Figure 3: Polarizer/filter wheel.

The DPC have taken three flights experiments at Tianjin-Bohai-Tangshan areas of China north coast (as shown on Figure 4) during March 21/26/27, 2012. The experiment data were huge; one flight acquired almost twenty thousand images. The scenes included farmland, city circle, countryside, harbor, and ocean. The weather was haze. As seen from the airplane the scenes were obscured by the atmosphere.

Figure 4: Tianjin-Bohai-Tangshan areas in China’s north coast.

The plane has fixed a POS instrument with DPC at the same time. It will record the plane’s position information including latitude, longitude, and altitude. It can create highly accurate flight mission planning and accurate sensor positioning and image acquisition. According to the POS recorded information, we depicted the accurate flying trace of Tianjin-Bohai-Tangshan area as shown in Figure 5. The flight mission sets three important observer areas. The flying routes were intensive in the interesting areas as shown in Figure 5.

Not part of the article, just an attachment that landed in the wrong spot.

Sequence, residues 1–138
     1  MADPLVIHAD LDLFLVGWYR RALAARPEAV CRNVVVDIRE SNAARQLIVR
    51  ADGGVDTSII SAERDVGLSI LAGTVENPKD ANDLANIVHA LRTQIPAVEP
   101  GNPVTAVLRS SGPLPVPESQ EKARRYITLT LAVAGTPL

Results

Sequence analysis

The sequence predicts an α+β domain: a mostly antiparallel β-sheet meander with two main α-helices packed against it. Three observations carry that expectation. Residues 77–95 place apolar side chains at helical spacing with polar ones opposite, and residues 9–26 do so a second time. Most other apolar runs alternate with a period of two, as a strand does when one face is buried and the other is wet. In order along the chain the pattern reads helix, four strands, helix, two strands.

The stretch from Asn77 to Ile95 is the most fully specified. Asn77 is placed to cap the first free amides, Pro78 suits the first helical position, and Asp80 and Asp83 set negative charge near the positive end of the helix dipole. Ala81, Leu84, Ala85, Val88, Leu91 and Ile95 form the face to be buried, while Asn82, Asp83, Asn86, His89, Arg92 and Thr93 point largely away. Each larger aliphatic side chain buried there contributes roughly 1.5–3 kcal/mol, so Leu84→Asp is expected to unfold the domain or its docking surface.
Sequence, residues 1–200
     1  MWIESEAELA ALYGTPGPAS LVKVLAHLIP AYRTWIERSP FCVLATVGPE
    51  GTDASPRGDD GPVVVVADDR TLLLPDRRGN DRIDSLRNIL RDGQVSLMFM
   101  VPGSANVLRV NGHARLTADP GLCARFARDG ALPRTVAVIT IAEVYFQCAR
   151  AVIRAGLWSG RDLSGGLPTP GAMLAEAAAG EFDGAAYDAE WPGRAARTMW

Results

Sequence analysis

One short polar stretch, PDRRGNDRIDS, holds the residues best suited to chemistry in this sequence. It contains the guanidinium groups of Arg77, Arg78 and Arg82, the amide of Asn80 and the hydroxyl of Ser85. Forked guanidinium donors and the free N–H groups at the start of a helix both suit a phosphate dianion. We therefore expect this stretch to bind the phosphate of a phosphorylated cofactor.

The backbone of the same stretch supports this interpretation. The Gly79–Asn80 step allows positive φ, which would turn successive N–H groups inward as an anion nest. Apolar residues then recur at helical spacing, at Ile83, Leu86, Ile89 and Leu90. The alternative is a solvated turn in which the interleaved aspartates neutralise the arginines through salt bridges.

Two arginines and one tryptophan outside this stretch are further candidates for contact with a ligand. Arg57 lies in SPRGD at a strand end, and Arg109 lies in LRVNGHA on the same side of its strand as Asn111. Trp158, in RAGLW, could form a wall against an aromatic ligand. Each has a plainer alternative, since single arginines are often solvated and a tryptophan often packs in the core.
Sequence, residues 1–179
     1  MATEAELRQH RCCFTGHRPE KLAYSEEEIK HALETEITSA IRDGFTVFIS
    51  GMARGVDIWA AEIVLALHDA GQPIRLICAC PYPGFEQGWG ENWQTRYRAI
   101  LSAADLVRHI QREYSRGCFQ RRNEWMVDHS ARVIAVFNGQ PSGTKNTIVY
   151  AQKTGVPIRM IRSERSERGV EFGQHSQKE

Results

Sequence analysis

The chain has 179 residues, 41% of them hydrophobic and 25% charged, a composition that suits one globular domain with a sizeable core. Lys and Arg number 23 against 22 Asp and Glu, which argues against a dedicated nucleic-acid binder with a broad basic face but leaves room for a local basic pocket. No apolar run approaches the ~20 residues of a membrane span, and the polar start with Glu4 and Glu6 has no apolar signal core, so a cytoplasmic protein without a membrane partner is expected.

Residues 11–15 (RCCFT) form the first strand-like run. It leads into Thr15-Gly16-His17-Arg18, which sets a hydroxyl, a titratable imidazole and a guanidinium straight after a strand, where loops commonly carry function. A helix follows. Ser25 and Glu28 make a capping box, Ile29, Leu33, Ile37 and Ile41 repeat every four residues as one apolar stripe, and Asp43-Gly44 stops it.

Figure 5: The accurate flying trace in the Tianjin-Bohai-Tangshan area.

4. Experiment Results

The experiment data which we use were taken on March 21, 2012. We choose one group 670 nm data to prove our method. The data which we choose were acquired at coast (39°09′19.78′′N, 117°48′29.83′′E); the flying altitude was 3608 m. Because the DPC structure adopts polarizer/spectral filter wheel, one group data will have some difference scenes. Generating images that need to be registered before the Stokes vectors can be computed. This procedure was depicted in the flowchart as shown in Figure 2.